Chrome 83 has rolled out to users, which means it’s time for the next version of Chrome to hit the beta channel.
It’ll still be a while before Chrome 84 arrives for the public, but it seems to be a feature-packed release.
First up, the Chrome 84 beta adds a flag to enable recommendations for what to play next in media controls. Flags are semi-hidden settings used by developers to test new features before enabling them for all users. The ‘#enable-media-feeds’ flag is available by typing ‘chrome://flags’ into the address bar. However, Android Police reports that enabling it doesn’t do anything yet.
Once enabled, the feature should allow users to control things like YouTube’s ‘Up Next’ feature from Chrome’s built-in media controls.
Chrome 84 is also enabling the Screen Wake Lock API, which will allow websites to keep a phone’s screen on. Google added this for two reasons, the first being to stop websites from using “hacky” workarounds like playing an invisible video to keep the screen on. It also replaces an older API that had several security issues with it.
The new API will give more control to the device, allowing it to override the wake lock in certain cases, such as if the battery is too low.
The last new API coming in Chrome 84 will fix an annoying part of two-factor authentication (2FA). Back in 2017, Google built a feature into Android that would allow apps to ‘listen’ for 2FA messages sent over SMS and automatically input the code to make the process easier for users. Chrome 84 will bring a similar function to the web. Sites can add a string of characters to a message that will tell Chrome which site the message is for. Chrome then asks the user if it can read the message and pass the info to the site.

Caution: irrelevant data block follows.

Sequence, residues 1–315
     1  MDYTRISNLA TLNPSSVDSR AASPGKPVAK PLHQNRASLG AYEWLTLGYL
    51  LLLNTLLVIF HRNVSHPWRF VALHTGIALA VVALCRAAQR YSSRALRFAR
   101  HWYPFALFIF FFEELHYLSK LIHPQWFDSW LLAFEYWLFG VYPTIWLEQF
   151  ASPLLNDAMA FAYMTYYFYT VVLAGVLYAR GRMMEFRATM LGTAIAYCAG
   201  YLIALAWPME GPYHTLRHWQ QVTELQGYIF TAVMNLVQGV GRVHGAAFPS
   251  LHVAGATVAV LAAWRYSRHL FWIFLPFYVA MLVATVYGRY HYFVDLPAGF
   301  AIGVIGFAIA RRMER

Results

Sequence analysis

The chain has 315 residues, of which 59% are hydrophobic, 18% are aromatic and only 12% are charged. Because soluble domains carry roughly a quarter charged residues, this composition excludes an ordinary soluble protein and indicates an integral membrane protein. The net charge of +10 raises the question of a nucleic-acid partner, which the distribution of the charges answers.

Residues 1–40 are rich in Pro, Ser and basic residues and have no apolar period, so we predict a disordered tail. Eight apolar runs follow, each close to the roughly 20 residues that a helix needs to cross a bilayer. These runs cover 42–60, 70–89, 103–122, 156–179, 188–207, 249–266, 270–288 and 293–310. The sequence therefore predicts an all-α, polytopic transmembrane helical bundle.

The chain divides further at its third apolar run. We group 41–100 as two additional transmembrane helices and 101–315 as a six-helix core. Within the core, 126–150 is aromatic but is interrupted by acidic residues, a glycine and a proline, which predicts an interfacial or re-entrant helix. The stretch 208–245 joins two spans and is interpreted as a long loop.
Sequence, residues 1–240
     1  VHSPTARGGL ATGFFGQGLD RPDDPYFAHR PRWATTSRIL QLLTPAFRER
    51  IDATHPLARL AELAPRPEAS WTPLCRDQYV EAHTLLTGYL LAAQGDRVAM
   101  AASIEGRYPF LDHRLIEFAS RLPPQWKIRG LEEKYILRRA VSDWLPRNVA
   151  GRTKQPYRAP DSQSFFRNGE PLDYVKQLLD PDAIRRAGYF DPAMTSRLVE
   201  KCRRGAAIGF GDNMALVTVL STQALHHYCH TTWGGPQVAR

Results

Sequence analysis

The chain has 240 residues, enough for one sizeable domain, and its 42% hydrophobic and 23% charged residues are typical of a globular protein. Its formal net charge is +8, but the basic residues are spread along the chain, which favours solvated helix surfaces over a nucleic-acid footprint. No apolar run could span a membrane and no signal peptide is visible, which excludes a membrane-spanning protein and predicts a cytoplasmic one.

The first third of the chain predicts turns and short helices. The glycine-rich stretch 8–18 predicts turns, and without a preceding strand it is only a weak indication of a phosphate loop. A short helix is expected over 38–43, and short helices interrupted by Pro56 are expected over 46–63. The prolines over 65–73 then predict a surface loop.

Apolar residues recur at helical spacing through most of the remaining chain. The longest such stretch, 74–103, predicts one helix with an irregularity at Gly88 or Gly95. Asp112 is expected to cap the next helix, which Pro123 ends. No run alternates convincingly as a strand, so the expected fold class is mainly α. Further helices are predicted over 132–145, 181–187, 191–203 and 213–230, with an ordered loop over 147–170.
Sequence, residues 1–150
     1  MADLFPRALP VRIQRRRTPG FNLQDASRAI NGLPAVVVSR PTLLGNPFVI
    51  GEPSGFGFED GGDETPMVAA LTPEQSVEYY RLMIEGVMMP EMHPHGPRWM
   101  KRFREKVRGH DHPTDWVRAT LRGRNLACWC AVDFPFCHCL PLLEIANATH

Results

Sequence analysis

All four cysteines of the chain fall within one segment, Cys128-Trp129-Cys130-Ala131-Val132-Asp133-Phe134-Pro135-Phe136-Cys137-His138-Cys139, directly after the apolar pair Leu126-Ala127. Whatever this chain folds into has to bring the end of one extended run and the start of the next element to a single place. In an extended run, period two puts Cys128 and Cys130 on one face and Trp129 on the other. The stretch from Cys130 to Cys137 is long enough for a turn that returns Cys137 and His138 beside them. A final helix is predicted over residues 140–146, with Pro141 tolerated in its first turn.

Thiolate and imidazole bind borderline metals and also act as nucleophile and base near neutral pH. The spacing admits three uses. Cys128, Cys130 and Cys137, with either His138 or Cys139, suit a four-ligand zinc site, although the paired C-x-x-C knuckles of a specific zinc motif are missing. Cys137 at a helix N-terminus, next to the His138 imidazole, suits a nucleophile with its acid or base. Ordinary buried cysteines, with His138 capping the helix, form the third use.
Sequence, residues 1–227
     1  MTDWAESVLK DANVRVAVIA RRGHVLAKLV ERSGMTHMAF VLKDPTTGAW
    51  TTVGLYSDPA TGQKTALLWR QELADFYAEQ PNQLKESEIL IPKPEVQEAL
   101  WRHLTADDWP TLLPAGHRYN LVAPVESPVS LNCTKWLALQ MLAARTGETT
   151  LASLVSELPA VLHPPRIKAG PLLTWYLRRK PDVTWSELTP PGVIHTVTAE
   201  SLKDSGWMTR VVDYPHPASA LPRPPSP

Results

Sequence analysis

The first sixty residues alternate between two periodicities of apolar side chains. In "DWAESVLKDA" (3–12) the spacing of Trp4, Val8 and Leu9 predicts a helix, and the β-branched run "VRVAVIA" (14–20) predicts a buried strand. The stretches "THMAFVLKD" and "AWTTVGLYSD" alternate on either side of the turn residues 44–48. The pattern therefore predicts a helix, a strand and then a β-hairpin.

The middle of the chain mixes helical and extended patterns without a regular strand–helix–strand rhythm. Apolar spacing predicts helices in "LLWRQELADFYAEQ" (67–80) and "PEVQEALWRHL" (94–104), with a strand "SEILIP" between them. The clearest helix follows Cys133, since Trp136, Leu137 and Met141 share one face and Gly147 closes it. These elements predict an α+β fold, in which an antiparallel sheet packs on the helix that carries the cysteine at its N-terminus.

Unfortunately, websites will need to add support for the API before it will work properly. In other words, it could be some time before users actually benefit from the feature.
Other big changes in Chrome 84
One of the most annoying things about the web right now is the near-constant notification pop-ups. Almost every time I load a website, it asks to send me notifications for something. Other browsers have made steps to reduce the notification spam, and now Google’s doing the same with Chrome.
Chrome 84 will crackdown on websites that block parts of or all of a page until users allow notifications. These “abusive” notification prompts are one of the top complaints Google receives about Chrome.
Google says it will notify websites through Search Console if it detects abusive notification experiences. Once notified, the site has 30 days to remove the behaviour or Chrome will apply a ‘quiet’ interface saying it blocked notifications.
In the same vein, Chrome will now show a warning when users connect to websites that don’t support Transport Layer Security (TLS) 1.2 or later. Users can still tap ‘Advanced’ and click through to the link, but Chrome will block that in the future as well.
Source: Android Police